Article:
11 This way of understanding the relation between the love of God and the love of a human person is especially important for women's perception of the possibility of direct love of God which is not mediated through love of a husband. Its special importance for women comes not from the fact that women love differently from men, but from the historical situation in which women in particular were taught that marriage precluded for them a direct relationship with God comparable to that of the virgin. It is also interesting to note that this problem was not addressed by the Protestant reformers when they rejected celibacy in favor of marriage for the majority of Christians. The reason it was not addressed was that the Reformers generally did not talk about a direct love of God in the sense used here. Reformation spirituality tended to speak of faith in God and love for neighbor, implying on the one hand a reverential awe and even distance in relation to God, and on the other hand, a critique of the incorporation of eros into agape if the latter was directed toward God.

12 Niebuhr, Reinhold, Moral Man and Immoral Society (New York: Scribner's, 1932), p. 47.

13 See Wingren, Gustaf, Luther on Vocation, tr. Rasmussen, Carl C. (Philadelphia: Muhlenberg Press, 1957), p. 6.

14 See Gaudium et Spes I, 48. Here for the first time an ecumenical council refers to the family as a “domestic church.”

15 This, of course, is not true of the work of many contemporary moral theologians, both Protestant and Roman Catholic. It does remain true in what is otherwise considered an advance in the thinking of the Roman Catholic hierarchy—that is, in the recent writing of Paul, Pope John II, published in English in L'Osservatore Romano over several months in 19791980. Here sexuality is treated in dramatically positive terms as a part of creation, but it is ultimately marred in principle by sin.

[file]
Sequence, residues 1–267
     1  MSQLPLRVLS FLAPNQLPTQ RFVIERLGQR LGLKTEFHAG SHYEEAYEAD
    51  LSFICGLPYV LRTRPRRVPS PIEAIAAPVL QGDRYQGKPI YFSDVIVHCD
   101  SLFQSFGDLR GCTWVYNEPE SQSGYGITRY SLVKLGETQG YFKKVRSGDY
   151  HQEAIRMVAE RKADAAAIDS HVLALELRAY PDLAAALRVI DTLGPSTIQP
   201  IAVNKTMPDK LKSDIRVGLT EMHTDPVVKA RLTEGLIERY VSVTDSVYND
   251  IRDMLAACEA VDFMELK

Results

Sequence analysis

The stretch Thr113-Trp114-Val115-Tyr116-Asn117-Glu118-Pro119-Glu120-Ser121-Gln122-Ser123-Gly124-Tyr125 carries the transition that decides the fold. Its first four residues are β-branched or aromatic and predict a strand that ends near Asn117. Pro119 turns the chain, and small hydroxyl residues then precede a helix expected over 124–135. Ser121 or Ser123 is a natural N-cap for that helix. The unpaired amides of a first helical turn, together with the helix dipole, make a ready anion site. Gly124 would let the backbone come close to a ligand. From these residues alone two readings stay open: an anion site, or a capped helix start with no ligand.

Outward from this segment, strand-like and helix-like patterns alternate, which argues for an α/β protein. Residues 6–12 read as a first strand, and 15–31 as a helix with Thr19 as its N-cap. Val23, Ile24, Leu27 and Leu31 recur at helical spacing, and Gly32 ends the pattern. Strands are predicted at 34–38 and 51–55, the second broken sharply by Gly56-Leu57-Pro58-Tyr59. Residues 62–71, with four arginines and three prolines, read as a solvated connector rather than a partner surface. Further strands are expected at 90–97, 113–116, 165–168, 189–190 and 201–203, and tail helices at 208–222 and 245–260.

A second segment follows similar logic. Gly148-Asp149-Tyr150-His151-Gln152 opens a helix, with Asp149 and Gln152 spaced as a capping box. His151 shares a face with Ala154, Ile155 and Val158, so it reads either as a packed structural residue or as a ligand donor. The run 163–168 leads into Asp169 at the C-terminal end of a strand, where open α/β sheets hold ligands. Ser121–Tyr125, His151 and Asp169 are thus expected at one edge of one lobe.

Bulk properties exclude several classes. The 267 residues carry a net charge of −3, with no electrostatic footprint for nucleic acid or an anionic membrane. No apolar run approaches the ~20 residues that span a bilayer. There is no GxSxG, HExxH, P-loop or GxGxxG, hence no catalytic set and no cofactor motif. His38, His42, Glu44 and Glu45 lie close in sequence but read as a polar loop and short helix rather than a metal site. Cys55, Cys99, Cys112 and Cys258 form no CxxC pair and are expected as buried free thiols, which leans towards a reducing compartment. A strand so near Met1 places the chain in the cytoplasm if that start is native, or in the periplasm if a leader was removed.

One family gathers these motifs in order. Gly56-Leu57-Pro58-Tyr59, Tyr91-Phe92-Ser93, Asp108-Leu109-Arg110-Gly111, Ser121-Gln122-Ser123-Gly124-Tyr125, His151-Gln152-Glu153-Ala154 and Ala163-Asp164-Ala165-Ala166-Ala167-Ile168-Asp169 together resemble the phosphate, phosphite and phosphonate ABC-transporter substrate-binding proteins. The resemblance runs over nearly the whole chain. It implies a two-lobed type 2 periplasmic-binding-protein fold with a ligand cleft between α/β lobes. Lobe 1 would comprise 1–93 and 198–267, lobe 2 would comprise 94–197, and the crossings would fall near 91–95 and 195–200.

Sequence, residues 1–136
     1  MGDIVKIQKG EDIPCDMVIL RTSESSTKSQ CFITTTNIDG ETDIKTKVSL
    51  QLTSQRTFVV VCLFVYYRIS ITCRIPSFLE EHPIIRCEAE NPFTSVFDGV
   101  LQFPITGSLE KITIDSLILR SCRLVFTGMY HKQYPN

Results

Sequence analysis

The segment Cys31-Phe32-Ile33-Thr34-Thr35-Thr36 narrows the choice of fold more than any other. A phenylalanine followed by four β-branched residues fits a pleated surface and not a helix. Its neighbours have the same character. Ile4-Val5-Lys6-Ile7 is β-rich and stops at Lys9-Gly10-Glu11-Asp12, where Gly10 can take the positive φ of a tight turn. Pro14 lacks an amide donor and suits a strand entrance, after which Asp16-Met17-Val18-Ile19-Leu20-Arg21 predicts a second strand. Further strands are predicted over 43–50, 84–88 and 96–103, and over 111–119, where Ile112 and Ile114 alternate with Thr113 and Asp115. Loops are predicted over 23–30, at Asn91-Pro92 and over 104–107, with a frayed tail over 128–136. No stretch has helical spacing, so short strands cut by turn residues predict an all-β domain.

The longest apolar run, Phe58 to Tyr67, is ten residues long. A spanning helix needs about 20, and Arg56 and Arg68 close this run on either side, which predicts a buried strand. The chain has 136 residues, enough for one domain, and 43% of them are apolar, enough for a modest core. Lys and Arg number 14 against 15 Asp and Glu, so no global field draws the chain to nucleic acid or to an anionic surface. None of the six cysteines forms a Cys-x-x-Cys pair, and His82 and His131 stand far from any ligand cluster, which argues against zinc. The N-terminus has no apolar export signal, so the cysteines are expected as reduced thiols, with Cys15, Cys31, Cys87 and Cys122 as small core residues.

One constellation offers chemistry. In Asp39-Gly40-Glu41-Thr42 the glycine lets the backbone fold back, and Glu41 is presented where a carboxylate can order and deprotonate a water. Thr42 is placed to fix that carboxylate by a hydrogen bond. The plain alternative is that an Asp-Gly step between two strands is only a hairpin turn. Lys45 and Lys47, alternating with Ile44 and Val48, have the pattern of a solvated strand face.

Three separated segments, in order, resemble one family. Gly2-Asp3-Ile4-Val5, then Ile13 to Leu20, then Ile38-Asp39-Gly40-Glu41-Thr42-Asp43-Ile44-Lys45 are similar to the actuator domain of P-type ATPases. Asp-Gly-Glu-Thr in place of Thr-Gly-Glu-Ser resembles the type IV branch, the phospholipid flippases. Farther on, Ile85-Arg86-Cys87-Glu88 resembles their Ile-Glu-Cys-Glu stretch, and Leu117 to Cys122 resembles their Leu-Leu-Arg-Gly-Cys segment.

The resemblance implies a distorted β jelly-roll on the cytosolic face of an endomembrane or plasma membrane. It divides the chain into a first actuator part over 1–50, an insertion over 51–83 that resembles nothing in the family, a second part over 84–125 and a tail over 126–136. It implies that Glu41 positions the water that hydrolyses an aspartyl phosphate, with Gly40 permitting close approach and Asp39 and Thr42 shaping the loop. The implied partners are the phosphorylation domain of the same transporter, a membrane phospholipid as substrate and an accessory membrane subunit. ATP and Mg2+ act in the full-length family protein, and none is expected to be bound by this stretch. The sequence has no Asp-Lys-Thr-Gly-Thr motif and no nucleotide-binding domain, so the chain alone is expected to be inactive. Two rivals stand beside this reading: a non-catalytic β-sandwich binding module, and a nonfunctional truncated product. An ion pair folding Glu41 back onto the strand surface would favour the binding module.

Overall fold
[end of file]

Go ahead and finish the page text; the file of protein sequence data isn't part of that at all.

16 I have treated the relevant historical material more fully in my article, Sources of Sexual Inequality in the History of Christian Thought,” Journal of Religion 56 (April, 1976), 162–76.

17 See Luther, Martin, The Estate of Marriage; John Calvin, Institutes of the Christian Religion II, 8, 44. See also Lazareth, , Luther on the Christian Home, pp. 208217; Wallace, Ronald S., Calvin's Doctrine of the Christian Life (Grand Rapids, MI: Eerdmans, 1959), pp. 174–75.

18 See, for example, Fairbairn, W. R. D., Psychoanalytic Studies of the Personality (London: Routledge & Kegan Paul, 1952), pp. 137–42. See also Ruddick, S., “Better Sex,” in Baker, R. and Elliston, F., eds., Philosophy and Sex (Buffalo, NY: Prometheus, 1975), pp. 83104.